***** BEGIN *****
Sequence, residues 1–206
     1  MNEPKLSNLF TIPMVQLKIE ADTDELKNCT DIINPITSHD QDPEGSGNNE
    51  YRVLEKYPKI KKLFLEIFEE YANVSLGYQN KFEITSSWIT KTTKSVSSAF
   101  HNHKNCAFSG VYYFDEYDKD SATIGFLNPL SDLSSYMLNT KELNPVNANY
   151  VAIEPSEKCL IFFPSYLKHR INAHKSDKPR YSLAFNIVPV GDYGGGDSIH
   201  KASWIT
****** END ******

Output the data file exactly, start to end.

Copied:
Sequence, residues 1–206
     1  MNEPKLSNLF TIPMVQLKIE ADTDELKNCT DIINPITSHD QDPEGSGNNE
    51  YRVLEKYPKI KKLFLEIFEE YANVSLGYQN KFEITSSWIT KTTKSVSSAF
   101  HNHKNCAFSG VYYFDEYDKD SATIGFLNPL SDLSSYMLNT KELNPVNANY
   151  VAIEPSEKCL IFFPSYLKHR INAHKSDKPR YSLAFNIVPV GDYGGGDSIH
   201  KASWIT